difficulties, such as trouble understanding speech in noise (SIN), following
injury remains unclear. Processing auditory information requires a complex
interaction between afferent and efferent auditory pathways. The nature of the
relationship is such that afferent information, which travels from cochlea to
cortex, can be modulated by top-down, cortical influences via feedback loops in
the efferent system (ES). These loops are integral for a variety of auditory
skills, like understanding SIN. ES strength can be non-invasively measured
using a technique known as otoacoustic emission (OAE) suppression, which
quantifies how well outer hair cell activity is suppressed in the presence of
noise. Greater levels of suppression are indicative of stronger ES activation
and have been shown to correlate with better auditory comprehension abilities.
of the cortex and efferent pathway suggests that alterations in cortical
activity, like what is seen following concussion, may have an impact on overall
suppression levels and, by default, play a role in the development of SIN
difficulties; however, the nature of the relationship remains poorly
understood. Thus, this study aims to examine the relationship between
electrophysiological indices of cognition and SIN abilities and how those
relate to changes in behavioral performance. Finding will not only improve
audiological diagnosis, treatment, and rehabilitation options, but will also
expand the role of the audiologist in the area of head injury research.
Johns Hopkins School of Medicine
Philippe Vincent, Ph.D.
Project jointly funded with Hearing Health Foundation
Project Title: “Investigating mechanisms of degeneration of
ribbon synapses between auditory inner hair cells and type 1 afferent nerve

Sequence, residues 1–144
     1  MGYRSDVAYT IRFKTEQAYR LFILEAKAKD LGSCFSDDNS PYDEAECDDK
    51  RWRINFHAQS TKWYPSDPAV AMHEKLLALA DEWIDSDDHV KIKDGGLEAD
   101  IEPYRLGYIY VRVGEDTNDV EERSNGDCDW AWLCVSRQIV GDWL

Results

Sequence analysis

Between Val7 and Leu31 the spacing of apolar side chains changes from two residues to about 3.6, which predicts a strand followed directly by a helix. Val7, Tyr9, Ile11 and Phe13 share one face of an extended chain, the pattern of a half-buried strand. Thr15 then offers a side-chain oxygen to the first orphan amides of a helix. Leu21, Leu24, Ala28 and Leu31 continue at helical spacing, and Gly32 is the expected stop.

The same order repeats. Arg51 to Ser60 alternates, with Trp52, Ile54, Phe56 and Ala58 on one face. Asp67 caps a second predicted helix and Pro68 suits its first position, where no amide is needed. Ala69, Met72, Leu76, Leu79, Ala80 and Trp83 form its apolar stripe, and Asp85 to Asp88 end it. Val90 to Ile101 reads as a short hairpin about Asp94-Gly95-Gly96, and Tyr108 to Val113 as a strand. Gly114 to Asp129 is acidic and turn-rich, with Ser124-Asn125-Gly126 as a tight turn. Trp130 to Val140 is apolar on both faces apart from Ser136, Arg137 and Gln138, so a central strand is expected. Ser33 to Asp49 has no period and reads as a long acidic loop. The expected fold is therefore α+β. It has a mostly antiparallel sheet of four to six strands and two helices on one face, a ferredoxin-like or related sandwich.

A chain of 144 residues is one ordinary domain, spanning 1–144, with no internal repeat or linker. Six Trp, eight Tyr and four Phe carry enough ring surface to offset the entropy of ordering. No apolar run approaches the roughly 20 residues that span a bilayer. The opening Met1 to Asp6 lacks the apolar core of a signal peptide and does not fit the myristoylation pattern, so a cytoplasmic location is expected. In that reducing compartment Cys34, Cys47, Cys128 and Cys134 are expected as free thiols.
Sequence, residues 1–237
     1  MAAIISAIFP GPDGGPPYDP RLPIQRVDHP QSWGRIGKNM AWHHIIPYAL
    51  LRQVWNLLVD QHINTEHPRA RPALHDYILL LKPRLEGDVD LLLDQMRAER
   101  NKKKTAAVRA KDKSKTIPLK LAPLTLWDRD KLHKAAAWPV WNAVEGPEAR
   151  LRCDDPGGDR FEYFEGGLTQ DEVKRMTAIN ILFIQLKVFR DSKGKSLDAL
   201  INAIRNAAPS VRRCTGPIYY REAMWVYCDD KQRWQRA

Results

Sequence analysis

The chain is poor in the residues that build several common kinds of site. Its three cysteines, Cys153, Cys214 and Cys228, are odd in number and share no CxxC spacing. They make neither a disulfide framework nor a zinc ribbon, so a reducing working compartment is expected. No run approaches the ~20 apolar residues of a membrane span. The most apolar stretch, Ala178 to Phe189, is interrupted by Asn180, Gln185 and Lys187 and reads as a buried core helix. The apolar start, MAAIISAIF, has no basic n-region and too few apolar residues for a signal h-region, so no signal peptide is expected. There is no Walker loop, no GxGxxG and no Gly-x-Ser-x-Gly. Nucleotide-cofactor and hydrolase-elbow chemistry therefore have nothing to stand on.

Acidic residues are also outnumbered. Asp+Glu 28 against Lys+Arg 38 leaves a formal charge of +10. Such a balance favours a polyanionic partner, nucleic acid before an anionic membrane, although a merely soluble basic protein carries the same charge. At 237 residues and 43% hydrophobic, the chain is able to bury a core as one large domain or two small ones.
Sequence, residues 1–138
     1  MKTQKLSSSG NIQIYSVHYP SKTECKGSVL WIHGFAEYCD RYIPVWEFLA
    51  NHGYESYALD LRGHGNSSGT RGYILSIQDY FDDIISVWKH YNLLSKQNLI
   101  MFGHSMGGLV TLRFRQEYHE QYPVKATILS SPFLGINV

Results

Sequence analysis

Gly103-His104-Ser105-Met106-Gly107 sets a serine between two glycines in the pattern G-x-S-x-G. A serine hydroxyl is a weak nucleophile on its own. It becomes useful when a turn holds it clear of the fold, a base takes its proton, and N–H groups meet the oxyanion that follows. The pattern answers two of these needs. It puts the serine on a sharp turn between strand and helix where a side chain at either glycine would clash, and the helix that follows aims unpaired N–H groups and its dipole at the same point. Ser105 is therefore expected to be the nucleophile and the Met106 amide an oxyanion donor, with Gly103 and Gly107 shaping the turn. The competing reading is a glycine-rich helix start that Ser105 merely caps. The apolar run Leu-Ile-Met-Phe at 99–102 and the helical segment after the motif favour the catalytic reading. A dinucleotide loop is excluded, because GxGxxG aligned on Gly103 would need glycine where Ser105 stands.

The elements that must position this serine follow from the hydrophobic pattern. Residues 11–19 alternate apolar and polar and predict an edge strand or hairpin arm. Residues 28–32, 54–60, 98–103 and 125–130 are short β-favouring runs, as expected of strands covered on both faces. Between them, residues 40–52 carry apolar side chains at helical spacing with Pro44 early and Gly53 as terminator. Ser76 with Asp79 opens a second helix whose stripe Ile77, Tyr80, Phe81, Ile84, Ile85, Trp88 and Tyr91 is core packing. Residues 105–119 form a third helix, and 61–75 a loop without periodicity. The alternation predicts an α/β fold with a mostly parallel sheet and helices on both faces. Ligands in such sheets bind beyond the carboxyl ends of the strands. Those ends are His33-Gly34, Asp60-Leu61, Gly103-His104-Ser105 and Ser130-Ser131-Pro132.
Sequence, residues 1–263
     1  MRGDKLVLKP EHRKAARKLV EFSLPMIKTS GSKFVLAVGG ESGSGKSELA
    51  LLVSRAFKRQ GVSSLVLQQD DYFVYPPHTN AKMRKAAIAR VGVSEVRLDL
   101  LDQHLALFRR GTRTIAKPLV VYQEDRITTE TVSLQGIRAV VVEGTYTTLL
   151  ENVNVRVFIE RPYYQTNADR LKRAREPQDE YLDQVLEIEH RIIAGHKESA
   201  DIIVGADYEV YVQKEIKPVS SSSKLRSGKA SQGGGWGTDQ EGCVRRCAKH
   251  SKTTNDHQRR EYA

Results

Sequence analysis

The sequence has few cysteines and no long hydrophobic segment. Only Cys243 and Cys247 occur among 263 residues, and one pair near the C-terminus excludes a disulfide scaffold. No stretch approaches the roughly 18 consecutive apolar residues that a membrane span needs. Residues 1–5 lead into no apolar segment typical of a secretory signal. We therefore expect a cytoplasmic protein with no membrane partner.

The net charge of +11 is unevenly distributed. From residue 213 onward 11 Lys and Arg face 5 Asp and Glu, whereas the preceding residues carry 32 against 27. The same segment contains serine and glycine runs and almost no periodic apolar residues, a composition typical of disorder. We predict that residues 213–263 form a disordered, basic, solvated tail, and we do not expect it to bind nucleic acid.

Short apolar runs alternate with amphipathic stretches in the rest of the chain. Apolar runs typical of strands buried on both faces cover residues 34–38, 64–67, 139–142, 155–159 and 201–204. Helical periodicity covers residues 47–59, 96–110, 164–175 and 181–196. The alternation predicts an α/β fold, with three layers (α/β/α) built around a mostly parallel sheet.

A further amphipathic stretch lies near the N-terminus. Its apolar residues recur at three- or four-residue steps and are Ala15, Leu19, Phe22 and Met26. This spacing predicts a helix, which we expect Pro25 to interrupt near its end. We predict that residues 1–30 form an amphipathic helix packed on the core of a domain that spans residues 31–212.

fibers after noise trauma in mammals.”
During all of
our life, we are surrounded by sounds that include different frequencies and
intensity levels. In the inner ear, the sensory hair cells pick up the sound
signal and transmit it to auditory nerve fibers via chemical synapses by
releasing the transmitter glutamate; and auditory nerve fibers transmit the
sound-coding signal to the brain.
intensity is encoded by the amount of glutamate released by the hair cell,
leading to glutamate receptor activation and then action potential firing in
auditory nerve fibers. During noise exposure, it has been described that
auditory nerve fiber endings can be damaged short- or long-term, most likely
due to and excess of calcium influx into the auditory nerve fiber endings. This
phenomenon is called excitotoxicity, however, the underlying mechanisms are not
propose to investigate molecular mechanisms of synaptic transmission between
hair cells and auditory nerve fibers and to test how they are affected after
Valerio Magnaghi, Ph.D.
University of Milan
Project Title: “Unrevealing mechanisms of Schwann cell in
and their impact on hearing loss.”
Schwannoma is a benign tumor of the acoustic nerve causing hearing loss. It
arises from Schwann cells, the main myelin-forming cells in the nerve. Thus, changes
in the oncogenic properties of these cells may be involved in hearing loss.
main goal of our project is to analyze the molecular mechanisms underlying the
human Schwann cells oncogenic transformation, potentially responsible of the vestibular
schwannoma onset, and their vulnerability to environmental electromagnetic
fields, that in principle might be pathologically relevant for the hearing loss.
Saad M. Bhamla, Ph.D.
Georgia Tech University
Project Title: “A low-cost, open-source and self-fitting